VentMon

Invention Coach:

Robert L. Read

Public Inventor(s):

Lauria Clarke, Geoff Mulligan

Motivation:

Ventilators are life-critical components that can provide both invasive and non-invasive respiratory support for COVID-19 patients. Particularly when used for critically ill invasively ventilated patients, these are life-critical machines that must be extensively tested and verified.

Story:

After Public Invention began the Ventilator Verification Project  on March 15th to address the ventilator shortfall caused by the COVID-19 pandemic and compiled a huge list of projects, it became clear that best way to help was not by building yet another ventilator, but building a module that could be reused to test and monitor any ventilator. In fact, along with Jenny Filipetti, we have argued modularity is the key to the whole community being successful.

We therefore created the VentMon , a device that simply plugs into the airway of a breathing circuit and measures the parameters of an operating ventilator that are carefully controlled by clinicians. On May 2nd, we shipped the first 2 VentMons to teams building ventilators to assist with their efforts. We also published the Public Invention Respiration Data Standard (PIRDS), as a means for teams world-wide to share data. Geoff Mulligan created a data logger that anyone can use (you don’t need a VentMon!) and we used it to make a public, totally free data lake where teams can collaborate by seeing live data traces. This uses free, reusable software to make a display similar to what a clinician uses.

The VentMon project is, like all Public Invention projects, completely free and open, and is even given away free to teams in need.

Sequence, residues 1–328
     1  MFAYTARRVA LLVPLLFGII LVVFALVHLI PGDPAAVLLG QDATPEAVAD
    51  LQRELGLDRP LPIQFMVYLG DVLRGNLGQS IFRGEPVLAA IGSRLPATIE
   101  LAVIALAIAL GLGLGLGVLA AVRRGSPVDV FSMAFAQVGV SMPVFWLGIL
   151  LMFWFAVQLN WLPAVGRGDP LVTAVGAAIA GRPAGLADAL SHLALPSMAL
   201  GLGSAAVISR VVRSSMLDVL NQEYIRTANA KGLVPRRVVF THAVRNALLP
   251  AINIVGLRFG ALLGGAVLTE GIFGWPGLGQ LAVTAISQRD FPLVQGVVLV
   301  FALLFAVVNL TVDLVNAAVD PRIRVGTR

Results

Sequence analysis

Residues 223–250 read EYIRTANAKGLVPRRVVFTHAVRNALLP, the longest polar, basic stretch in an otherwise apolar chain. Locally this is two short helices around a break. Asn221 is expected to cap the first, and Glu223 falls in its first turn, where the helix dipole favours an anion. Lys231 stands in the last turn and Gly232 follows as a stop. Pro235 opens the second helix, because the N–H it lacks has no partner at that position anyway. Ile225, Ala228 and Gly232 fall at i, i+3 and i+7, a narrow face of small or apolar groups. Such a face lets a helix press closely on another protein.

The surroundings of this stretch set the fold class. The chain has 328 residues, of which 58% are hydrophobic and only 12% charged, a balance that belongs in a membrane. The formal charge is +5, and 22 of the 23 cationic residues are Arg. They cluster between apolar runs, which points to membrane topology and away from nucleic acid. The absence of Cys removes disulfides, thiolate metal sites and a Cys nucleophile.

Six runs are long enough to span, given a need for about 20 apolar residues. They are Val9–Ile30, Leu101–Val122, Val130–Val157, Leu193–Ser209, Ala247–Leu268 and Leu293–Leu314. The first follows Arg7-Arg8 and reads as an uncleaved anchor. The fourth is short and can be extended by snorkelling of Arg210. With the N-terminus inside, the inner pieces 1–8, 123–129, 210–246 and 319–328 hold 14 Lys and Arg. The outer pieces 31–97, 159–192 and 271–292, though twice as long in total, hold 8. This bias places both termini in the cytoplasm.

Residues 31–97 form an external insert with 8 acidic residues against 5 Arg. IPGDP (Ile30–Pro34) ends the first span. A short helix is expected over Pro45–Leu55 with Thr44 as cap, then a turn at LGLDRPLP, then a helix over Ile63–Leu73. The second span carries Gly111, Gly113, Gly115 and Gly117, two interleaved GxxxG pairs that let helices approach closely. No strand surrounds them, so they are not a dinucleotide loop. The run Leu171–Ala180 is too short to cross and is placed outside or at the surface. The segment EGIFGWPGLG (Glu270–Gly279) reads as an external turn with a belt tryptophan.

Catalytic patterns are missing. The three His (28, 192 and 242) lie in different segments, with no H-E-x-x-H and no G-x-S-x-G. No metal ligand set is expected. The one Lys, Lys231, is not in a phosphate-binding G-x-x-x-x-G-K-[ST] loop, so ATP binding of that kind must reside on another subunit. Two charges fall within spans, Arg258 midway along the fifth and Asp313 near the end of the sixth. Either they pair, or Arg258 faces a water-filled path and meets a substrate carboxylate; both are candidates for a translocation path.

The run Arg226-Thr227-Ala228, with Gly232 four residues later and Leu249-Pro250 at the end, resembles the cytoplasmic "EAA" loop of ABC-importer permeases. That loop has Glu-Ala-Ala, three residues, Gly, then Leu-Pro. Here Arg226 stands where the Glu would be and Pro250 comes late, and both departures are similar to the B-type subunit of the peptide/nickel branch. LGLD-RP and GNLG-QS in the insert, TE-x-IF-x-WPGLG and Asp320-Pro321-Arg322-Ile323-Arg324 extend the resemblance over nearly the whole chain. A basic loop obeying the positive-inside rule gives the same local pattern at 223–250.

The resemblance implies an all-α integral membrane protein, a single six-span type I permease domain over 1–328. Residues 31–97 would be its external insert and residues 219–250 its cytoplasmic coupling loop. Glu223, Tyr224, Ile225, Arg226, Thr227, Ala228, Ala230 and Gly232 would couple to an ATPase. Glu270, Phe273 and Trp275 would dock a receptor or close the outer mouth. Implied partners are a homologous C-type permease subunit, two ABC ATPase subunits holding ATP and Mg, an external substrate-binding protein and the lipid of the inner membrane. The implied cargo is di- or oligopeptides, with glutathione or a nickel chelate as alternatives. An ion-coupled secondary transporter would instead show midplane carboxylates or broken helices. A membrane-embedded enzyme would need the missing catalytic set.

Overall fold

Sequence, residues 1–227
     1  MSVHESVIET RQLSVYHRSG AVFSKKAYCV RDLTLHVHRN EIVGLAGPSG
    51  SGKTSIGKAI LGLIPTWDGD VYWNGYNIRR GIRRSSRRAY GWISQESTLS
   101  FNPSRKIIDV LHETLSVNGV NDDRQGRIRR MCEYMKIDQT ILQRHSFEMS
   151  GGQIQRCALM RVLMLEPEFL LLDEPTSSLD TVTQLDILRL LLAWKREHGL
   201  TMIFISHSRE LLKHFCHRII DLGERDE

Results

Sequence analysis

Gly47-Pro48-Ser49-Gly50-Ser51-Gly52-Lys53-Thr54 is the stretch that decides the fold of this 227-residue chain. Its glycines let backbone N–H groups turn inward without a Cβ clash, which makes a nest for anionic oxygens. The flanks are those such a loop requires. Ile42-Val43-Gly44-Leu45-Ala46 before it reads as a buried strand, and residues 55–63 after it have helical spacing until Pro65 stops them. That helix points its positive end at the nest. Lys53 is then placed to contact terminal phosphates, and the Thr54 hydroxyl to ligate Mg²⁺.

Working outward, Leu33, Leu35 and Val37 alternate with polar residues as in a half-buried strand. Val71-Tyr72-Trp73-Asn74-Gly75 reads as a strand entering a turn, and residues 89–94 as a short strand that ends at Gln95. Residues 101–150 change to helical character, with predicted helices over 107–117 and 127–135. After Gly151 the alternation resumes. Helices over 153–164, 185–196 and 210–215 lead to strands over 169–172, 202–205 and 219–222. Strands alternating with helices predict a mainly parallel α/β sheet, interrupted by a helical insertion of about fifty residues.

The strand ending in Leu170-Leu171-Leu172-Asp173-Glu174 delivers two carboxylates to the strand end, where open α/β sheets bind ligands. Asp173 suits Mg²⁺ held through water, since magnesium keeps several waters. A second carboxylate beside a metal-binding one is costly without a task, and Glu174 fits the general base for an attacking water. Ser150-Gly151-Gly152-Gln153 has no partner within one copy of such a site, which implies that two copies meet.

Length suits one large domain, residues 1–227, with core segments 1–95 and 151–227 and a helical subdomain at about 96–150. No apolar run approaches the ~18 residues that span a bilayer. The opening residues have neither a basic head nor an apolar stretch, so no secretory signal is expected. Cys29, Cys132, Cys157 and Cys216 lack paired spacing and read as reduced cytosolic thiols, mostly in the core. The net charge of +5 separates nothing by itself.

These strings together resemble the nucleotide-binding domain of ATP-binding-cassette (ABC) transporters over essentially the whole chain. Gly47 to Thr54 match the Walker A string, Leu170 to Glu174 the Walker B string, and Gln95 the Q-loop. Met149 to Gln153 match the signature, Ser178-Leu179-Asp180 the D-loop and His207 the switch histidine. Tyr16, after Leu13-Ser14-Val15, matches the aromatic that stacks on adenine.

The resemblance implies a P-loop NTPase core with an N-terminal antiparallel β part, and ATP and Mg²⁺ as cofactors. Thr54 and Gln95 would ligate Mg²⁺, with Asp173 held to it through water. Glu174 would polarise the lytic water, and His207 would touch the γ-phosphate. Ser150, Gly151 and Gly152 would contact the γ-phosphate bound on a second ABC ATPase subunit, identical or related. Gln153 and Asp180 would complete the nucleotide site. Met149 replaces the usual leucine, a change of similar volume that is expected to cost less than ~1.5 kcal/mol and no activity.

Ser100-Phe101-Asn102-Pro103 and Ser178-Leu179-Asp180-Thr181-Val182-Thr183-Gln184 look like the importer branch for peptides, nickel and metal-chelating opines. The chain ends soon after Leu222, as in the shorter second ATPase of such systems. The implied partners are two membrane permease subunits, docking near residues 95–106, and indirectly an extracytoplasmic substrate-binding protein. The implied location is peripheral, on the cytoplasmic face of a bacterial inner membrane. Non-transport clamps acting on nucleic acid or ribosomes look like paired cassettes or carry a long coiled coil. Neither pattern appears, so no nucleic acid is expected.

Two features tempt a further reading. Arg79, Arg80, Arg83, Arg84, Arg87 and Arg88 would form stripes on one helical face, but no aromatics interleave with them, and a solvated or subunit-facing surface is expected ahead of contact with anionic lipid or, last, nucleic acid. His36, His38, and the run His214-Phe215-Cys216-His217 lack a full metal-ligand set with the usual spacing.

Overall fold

On April 14th, Protocol Labs gave Public Invention a $20,000 a COVID 19 Open Innovation Grant to support the VentMon.

On April 29th, the Mozilla Open Source Software (MOSS) Foundation gave us an additional $20,000 grant.

These funds will be used to get the VentMon to as many teams as quickly as possible. There is a world-wider supply chain shortage of flow sensors, which makes this more complicated than it would be without the pandemic.

 

Status:

Active with three volunteers, currently shipping units free of charge

Skills Needed

Embedded systems computer programmers, standards writers, publicists, social media specialist

Collateral

This project has already created a number of important reusable components:

Photo Gallery

Video

Request A VentMon

VentMon Request Form

  • Please enter email of person who will sign Memo of Understanding
  • Please enter email of person who will be using the VentMon (if different than primary contact)

Testimonials

“Watching so many teams start working on ventilator designs, Robert Read and the Public Invention team have decided that the best way they can contribute is to make an in-line monitoring device. This would be a tube that connected near the patient and would track the flow and pressure of gases as they entered and left the patient. Much of the rest of the document discusses flow and pressure sensing, but it worth noting that such a simple device like this is extraordinarily valuable and most definitely life-saving.” — Erich Schulz, MD

“The VentMon allowed us to get from thinking ‘this seems to be working’ to ‘this is really working.’ It’s an amazing piece of work and was fundamental to the development of our vent.” — Artemio Mendoza

“The VentMon came at an important time for our team, as Public Invention correctly identified and addressed a crucial bottleneck for the whole Open Source Ventilator movement. Their sensor pack greatly sped up prototype development and gave us a viable sensor option to pair with our device in production.” —Warren Koch, ARMEE